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  • Mercury News: Affordable housing in California takes hit under GOP tax plan

    This affordable housing development built by Mercy Housing at 1180 4th St.,
San Francisco, couldn't have been completed without the bonds and tax
credits the GOP tax plan threatens to eliminate. (Marisa Kendall/ Bay Area
News Group)The new Republican tax overhaul will likely chop plans for thousands of new affordable homes in California and further squeeze low-income renters, but experts say the impact could have been more severe. The tax law, signed by President Donald Trump last week, preserved two threatened federal programs that are key to building tens of thousands of affordable homes in California — low-income housing tax credits and tax-exempt private activity bonds. But experts estimate the new tax rules could still reduce federal funding for subsidized housing in the state by 20 percent, translating to roughly $500 million a year of projects and 4,000 new units lost. “The worst possible hits were taken out of the bill,” said Carolina Reid, assistant professor of city and regional planning at UC Berkeley. But, she added, “It does nothing to actually promote affordable housing.”

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  • Patch: Marin Officials Approve Affordable Housing Proposal

    Marin Officials Approve Affordable Housing ProposalMarin County officials are encouraging renting rooms in existing residence to help provide affordable housing. The Board of Supervisors voted recently to waive building and planning fees up to $1,500 in 2018 for the creation of the “Junior Accessory Dwelling Units.” The units typically contain a wet bar and other small food preparation facilities. Property owners who benefit from the reduced fees capped at $1,500 would be prohibited for one year from renting the junior unit for 30 days or less. California legislation that eases regulations on the creation of Junior Accessory Dwelling Units went into effect in January 2017. Marin County’s Development Code was amended to allow a property owner to have one Accessory Dwelling Unit and one Junior Accessory Dwelling Unit on the same property. The ADUs are allowed to have a complete kitchen as opposed to a small food preparation facility allowed by the Junior Accessory Dwelling Units.

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  • PPIC: High Housing Costs Hurt College Affordability

    Young woman lying on bed using laptop computer, in student dormitoryA majority of Californians say affordability is a problem in the state’s public colleges and universities, according to the PPIC Statewide Survey. In addition, three-quarters of residents in the survey agree that the price of college prevents students who are qualified and motivated from going to college. Not surprisingly, state leaders are exploring new strategies to help students and families better cope with college costs. Most current approaches, such as state and institutional financial aid, focus primarily on tuition relief. This makes sense, as tuition more than doubled at California universities from 2006 to 2012—and is on the rise again. However, housing costs also play a significant role in the total cost of attending college. Californians are well aware of the issue: 85% of residents in the PPIC survey say colleges and universities should do more to make sure that all students have affordable housing options.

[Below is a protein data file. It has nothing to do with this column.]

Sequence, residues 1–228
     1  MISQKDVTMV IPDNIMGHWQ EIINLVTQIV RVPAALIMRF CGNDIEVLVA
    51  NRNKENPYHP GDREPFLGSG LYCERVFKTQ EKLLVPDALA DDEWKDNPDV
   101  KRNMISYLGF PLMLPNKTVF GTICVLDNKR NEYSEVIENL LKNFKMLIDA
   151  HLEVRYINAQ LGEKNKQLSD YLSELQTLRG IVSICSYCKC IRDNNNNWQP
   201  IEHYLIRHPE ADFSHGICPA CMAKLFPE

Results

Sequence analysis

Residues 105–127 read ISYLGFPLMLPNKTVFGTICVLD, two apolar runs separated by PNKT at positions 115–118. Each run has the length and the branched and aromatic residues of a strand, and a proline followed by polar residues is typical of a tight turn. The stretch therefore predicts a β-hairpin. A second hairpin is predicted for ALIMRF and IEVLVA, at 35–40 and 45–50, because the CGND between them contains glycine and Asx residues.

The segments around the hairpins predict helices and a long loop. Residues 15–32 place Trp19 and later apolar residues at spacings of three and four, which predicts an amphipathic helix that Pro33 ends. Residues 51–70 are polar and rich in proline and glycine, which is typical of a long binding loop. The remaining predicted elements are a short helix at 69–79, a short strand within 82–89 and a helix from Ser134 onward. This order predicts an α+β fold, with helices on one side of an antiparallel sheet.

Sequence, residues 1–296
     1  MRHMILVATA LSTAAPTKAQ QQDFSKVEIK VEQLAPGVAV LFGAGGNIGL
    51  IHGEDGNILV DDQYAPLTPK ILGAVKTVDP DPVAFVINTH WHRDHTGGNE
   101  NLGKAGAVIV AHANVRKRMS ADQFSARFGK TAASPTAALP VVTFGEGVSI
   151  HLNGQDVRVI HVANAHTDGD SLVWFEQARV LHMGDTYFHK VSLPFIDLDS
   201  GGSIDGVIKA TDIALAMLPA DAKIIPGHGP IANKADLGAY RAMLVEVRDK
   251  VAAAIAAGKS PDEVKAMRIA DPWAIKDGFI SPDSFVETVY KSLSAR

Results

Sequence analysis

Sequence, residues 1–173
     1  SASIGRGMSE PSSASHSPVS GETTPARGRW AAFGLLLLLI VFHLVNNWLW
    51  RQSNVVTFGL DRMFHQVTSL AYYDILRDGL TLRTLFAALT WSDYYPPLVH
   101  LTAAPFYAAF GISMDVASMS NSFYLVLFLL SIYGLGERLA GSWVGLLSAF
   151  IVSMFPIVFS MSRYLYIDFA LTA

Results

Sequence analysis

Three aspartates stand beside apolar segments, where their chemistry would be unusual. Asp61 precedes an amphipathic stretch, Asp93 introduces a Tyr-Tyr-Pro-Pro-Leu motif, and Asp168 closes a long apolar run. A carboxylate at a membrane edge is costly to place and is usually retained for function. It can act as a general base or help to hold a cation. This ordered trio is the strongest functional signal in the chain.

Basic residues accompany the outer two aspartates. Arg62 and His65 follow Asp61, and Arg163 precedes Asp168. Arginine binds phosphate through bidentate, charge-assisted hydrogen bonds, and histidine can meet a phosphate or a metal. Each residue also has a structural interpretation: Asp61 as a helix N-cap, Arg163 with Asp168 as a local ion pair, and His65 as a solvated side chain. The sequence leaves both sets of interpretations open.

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  • DS News: Fannie Offers $10M for Affordable Housing Solutions

    House on Money BHFannie Mae is offering $10 million for solutions to the country’s affordable housing issues.  The government-sponsored enterprise issued its Sustainable Communities Innovation Challenge earlier this week. As part of the Challenge, Fannie Mae is requesting proposals from the public, private, and nonprofit sectors for “promising ideas that will help it address the nation’s affordable housing issues,” the GSE reported. According to Jeffery Hayward, EVP and Head of Multifamily at Fannie Mae, the Challenge is part of the GSE’s overall mission to serve the American consumer. “The Challenge is a responsible way for Fannie Mae to uncover and explore innovative solutions to help address the affordable housing crisis in America,” Hayward said. “It supports our broad mission to increase housing opportunities across the country that are safe, sustainable, and affordable. We are excited to collaborate with new partners to source innovative ideas from other sectors.”

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  • Affordable Housing Finance: Republicans Pass Sweeping Tax Reform

    The first tax system overhaul in over three decades is expected to head to President Donald Trump’s desk today. Senate Republicans passed the much-anticipated tax measure early Wednesday morning on party lines, 51-48. The House of Representatives passed the bill on Tuesday afternoon on party lines, with 227 Republicans voting for it and 12 Republicans and all Democrats opposing it. The House also had to revote on Wednesday morning after the Senate parliamentarian ruled several provisions out of order, with the same votes as the day before. After a roller-coaster ride for the affordable housing industry this fall, leaders breathed a sigh of relief Friday when the tax reform bill was released after conference committee negotiations. Both low-income housing tax credits (LIHTCs) and private-activity bonds (PABs) have been preserved in the bill. “While we didn’t get everything we wanted, and whoever does, we’re whole,” says David Gasson, executive director of the Housing Advisory Group and vice president at Boston Capital.